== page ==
SAMRC’S Emerging Science Leaders Harvest Live Coronavirus

Cape Town | The South African Medical Research Council (SAMRC) is home to some of the country’s leading scientists.  With the outbreak of the Covid-19 pandemic, science is at the forefront of responding to one of the worst threats to human life since the Spanish Flu, which affected an estimated 500 million people worldwide. Professor Bavesh Kana and Dr Bhavna Gordhan, both recipients of the SAMRC Career Development Award, have harvested live coronavirus as an additional control for validating tests.

Until recently, Prof Kana and his team have been able to successfully generate naked DNA and safe, non-infectious encapsulated controls. The remaining hurdle was the production of the live virus as an additional control for validating tests.

The process involved multiple teams across institutions: Professor Maria Papathanasopoulos and her team comprising Mark Killick and Adriaan Basson (Wits University), they generated the cultured cells required to propagate the virus. Professor Wolfgang Preiser (Stellenbosch University) and Tasnim Suliman (University of the Western Cape), were able to provide the aliquots (a sample for chemical/biological analysis) of the live SARS-CoV-2 virus, the virus that causes COVID-19 disease. Once these reagents were ready, they were taken into the BSL3 lab, led by Prof Kana, for infection and viral propagation. The first harvest of the virus was then provided to Professor Lesley Scott and Lara Noble at Wits University and the National Health Laboratory Service (NHLS) for validation of test kits.

“My hand was shaking as we pipetted our first harvest of the live virus,” said Professor Kana, who heads the Wits University node of the DST/NRF Centre of Excellence for Biomedical TB Research. Kana is no stranger to handling infectious viruses, he has been in laboratories containing the infectious anthrax virus. But this felt like a defining moment as plans to prepare for the validation of new Covid-19 polymerase chain reaction and serology diagnostic kits intensify.

Professor Kana’s BSL3 lab was originally part of the SAMRC/NHLS/Wits Molecular Mycobacteriology Research Unit. At the time these labs were established, setting up BSL3 labs was challenging as there were not many such laboratories in the country that could be modelled. They relied on information gathered from limited exposure to the BSL3 laboratories at Glaxo-SmithKline and the London School of Hygiene and Tropical Medicine in the UK. However, as they did not share the same infrastructure and financial resources, most of it was based on brainstorming and adapting for safe practice. Much has changed since then. “We were able to quickly respond to the Covid-19 pandemic and adapt a BSL3 laboratory geared for dealing with infectious bacteria to carry out work with a highly infectious virus,” said Dr Bhavna Gordhan, Senior Medical Scientist at the Biomedical TB Research Centre.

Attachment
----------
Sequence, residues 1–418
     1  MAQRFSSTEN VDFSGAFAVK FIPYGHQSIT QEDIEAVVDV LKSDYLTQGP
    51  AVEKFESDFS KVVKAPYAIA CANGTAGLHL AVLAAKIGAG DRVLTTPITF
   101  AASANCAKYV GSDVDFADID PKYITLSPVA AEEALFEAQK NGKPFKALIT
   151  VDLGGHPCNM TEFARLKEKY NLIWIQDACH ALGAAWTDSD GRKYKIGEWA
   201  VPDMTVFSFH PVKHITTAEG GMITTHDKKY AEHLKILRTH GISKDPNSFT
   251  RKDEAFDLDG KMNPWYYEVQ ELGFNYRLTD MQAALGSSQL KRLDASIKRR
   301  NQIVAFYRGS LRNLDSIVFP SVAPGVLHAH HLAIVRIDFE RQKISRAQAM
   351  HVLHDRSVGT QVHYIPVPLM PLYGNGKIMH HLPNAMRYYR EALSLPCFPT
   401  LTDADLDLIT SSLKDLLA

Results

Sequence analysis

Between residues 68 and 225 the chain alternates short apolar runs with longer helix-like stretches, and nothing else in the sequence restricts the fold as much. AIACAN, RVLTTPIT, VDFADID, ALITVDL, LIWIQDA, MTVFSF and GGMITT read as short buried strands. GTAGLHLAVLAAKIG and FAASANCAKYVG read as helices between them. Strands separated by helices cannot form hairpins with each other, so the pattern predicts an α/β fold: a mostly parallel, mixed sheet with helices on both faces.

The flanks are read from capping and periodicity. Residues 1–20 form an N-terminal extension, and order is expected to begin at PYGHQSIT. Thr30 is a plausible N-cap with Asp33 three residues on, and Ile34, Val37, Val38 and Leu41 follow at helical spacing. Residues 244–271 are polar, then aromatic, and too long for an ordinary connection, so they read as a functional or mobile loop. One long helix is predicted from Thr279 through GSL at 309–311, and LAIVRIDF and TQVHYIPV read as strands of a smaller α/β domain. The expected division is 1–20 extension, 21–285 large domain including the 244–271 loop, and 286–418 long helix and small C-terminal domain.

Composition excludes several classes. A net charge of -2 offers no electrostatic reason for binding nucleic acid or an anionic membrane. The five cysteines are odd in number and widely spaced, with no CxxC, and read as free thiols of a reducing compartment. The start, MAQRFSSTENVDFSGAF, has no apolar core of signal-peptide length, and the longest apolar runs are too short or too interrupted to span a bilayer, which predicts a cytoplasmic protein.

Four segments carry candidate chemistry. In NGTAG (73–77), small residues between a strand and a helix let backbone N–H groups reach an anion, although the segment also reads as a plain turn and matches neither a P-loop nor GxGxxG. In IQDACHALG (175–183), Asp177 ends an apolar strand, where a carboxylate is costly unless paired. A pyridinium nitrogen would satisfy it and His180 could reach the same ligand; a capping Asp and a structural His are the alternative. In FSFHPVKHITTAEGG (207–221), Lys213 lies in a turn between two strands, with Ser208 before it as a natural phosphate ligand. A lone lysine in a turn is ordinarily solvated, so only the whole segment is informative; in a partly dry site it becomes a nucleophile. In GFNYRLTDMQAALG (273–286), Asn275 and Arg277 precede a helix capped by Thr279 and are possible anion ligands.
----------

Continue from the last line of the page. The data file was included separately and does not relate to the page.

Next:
Kana a recipient of the SAMRC Silver Medal awarded to scientists who have made important scientific contributions in the country, says over the years, numerous funders have played important roles in enabling him to develop both the staff and infrastructure capacity for this moment. Both Kana and Gordhan were recipients of the SAMRC Career Development Award for two terms, they were grantees through the SAMRC’s Strategic Health Innovation Partnerships (SHIP) programme. Gordhan’s postdoctoral studies were under the Glaxo-SmithKline Action TB program facilitated by the SAMRC, where she developed several molecular tools for studying the bacteria that cause tuberculosis.

“Many of my students have held scholarships through the SAMRC’s Research Capacity Development division. Further, during my early career, I was generously supported by the SAMRC’s extramural Molecular Mycobacteriology Research Unit led by Valerie Mizrahi,” said Kana.

This is a great feat for the SAMRC, the scientific community and country, it  demonstrates our commitment of growing the next generation of science leaders, it is responsive science addressing the Covid-19 crisis”  said Professor Glenda Gray SAMRC President and CEO.

The SAMRC is dedicated to improving the health of people in South Africa, through research, innovation, development and technology transfer. The scope of research includes laboratory investigations, clinical research, and public health studies.

The Research Capacity Development division of the SAMRC supports the growth of health research capacity by offering scholarships and grants to South African citizens who are pursuing their research careers in medical and health Sciences. For more information on the various programmes:

Release date: 
Wednesday, May 20, 2020 - 09:20
Dumile Mlambo
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